Even in the colonial era of limited communications, the names of Toussaint Louverture and other revolutionaries in Haiti were whispered throughout the diaspora after they successfully threw off the yoke of French enslavers. Nat Turner’s Virginian rebellion, though failed, took the Haitian mantle of resistance and amplified it throughout the antebellum United States. In the 20th century, Emperor Haile Selassie of Ethiopia was mythologized as God incarnate by the Afro-syncretic Rastafari movement in part because of his resounding triumph against Italian colonizers. Each of these and other victories, material and moral, became the early pillars of a Pan-African movement, embodied in the words of Marcus Garvey: “Look to Africa, when a black king shall be crowned, for the day of deliverance is at hand.”
Black Panther prompts reflection on those words. Coogler’s script, written with Joe Robert Cole, draws heavily from the comic-book history of the hero, and that canon has always gestured toward heavy ideas of Pan-Africanism and the mantle of black power. As written by my colleague Ta-Nehisi Coates, the ongoing Black Panther comic-book run is deeply concerned with the themes presented in his journalistic oeuvre, from plunder by white-supremacist hands to the moral questions that circumscribe black nationalism. Indeed, the title of Coates’s first arc, “A Nation Under Our Feet,” takes its name from Steven Hahn’s 2003 book of the same name, which itself chronicled African American political power since the Civil War.
Evan Narcisse, who co-writes the miniseries Rise of the Black Panther with Coates, says he views Wakanda as the representation of an “unbroken chain of achievement of black excellence that never got interrupted by colonialism.” Narcisse’s work also filters Wakanda through the prism of Haiti, the revolutionary home of black liberation in the New World.
Even before his modern rejuvenation, T’Challa and his comic-book homeland offered up the same kind of representations of difficult concepts. As Jamil Smith writes for Time, the character of the Black Panther—the first black comic-book superhero—was created in 1966 during the civil-rights movement and very much represented “a vision of black grandeur and, indeed, power in a trying time.” His creation also coincided with the interconnected rise of both the Black Power movement and a second wave of Pan-Africanism and nationalism. Though created by white writers and shepherded through eras of embarrassing racial stereotyping and caricature, Black Panther the comic has always been notable for the cultural valences of creating a bulletproof, super-rich, erudite, and aggressively independent black hero, and for its willingness to fathom black geopolitical power.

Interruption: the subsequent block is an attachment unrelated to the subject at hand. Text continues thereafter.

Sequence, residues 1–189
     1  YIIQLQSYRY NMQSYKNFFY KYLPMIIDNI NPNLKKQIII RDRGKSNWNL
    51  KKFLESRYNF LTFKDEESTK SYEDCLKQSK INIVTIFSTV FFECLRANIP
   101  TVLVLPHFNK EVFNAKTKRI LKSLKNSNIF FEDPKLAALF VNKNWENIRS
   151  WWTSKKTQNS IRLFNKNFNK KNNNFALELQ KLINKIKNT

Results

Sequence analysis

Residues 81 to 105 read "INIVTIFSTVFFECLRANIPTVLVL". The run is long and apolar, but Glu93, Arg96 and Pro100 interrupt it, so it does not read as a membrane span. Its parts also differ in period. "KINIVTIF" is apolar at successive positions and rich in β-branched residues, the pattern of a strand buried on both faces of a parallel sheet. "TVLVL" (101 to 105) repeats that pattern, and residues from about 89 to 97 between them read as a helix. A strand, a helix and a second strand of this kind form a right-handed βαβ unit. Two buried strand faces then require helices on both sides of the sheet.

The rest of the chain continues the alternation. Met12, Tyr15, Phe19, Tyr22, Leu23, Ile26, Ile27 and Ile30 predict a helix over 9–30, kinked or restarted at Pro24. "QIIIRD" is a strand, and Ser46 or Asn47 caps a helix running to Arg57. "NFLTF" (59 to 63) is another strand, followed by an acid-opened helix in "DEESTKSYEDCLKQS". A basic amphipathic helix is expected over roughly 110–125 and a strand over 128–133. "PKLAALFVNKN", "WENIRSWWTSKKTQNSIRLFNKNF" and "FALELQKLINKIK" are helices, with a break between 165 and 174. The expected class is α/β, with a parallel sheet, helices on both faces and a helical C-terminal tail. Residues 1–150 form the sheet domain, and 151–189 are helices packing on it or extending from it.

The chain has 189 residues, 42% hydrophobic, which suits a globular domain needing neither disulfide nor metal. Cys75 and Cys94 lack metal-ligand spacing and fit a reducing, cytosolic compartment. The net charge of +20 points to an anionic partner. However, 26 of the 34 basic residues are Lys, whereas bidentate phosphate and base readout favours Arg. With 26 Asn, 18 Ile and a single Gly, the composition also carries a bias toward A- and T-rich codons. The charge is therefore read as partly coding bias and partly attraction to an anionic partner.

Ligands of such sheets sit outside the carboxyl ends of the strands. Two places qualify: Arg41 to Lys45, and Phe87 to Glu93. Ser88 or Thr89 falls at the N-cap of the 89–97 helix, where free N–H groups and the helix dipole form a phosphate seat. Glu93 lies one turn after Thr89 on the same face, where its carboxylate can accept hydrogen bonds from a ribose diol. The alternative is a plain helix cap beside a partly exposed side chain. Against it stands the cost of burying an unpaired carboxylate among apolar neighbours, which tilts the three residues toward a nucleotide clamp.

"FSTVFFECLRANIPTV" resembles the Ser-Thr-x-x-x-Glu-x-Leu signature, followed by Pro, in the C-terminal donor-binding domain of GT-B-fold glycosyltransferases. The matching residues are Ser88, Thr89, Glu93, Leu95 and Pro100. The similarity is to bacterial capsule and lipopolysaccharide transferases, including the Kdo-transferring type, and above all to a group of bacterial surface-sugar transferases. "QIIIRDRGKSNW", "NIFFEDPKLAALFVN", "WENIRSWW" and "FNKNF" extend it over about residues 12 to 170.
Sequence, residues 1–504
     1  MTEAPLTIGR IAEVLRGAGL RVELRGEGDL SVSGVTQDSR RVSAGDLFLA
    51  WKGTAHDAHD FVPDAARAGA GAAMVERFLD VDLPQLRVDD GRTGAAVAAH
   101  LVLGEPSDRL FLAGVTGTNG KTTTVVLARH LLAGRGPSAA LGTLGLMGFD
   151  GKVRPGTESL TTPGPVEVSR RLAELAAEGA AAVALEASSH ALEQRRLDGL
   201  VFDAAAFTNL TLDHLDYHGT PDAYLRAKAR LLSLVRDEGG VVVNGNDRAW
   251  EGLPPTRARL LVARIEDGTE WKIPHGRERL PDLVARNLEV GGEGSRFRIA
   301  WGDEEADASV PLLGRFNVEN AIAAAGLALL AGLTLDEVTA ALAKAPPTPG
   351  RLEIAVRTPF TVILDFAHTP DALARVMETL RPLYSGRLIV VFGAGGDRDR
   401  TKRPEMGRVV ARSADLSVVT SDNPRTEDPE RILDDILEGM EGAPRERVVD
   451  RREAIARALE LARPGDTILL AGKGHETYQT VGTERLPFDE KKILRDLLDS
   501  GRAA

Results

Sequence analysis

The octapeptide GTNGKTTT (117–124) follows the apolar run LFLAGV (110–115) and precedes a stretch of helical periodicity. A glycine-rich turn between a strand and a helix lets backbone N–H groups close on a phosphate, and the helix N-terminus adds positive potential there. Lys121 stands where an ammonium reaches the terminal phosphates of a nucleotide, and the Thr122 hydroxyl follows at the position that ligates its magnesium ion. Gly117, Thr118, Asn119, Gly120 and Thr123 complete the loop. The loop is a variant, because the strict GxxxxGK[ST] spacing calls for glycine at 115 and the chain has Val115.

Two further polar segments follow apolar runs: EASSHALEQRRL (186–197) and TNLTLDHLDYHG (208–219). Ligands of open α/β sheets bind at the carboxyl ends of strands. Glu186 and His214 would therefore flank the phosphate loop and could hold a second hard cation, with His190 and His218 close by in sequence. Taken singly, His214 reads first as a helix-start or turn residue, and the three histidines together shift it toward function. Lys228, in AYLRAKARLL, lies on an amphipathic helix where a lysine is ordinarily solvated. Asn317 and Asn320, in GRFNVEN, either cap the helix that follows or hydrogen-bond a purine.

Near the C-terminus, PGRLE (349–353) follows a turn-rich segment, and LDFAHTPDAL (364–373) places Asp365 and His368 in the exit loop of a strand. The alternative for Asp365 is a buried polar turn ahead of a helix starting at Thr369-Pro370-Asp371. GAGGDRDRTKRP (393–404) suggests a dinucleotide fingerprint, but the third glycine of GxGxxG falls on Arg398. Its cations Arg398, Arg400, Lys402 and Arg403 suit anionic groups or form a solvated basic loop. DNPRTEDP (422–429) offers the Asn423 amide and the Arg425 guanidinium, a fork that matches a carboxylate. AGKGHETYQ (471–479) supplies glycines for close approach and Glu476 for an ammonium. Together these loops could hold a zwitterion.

In almost every facet of production, from wardrobe and costume design to the film’s score, Coogler’s Black Panther takes that thread of power and spins it into a diaspora’s fantasy. One perhaps more controversial element of the film is how Wakanda itself must be built out of whole cloth by borrowing from a spread of distinct and very different African cultures. Even many of its on-screen denizens are played by actors not born in Africa—a fact betrayed by their inconsistent accents. But the cast does reflect the incredible breadth of the African diaspora. Gurira is the daughter of Zimbabwean immigrants to Iowa, Nyong’o was born in Mexico to Kenyan parents and then later raised in Kenya, Kaluuya is the son of Ugandan immigrants to London, and Wright and Winston Duke (who plays M’Baku, a key rival of T’Challa’s) were born in Guyana and Tobago, respectively.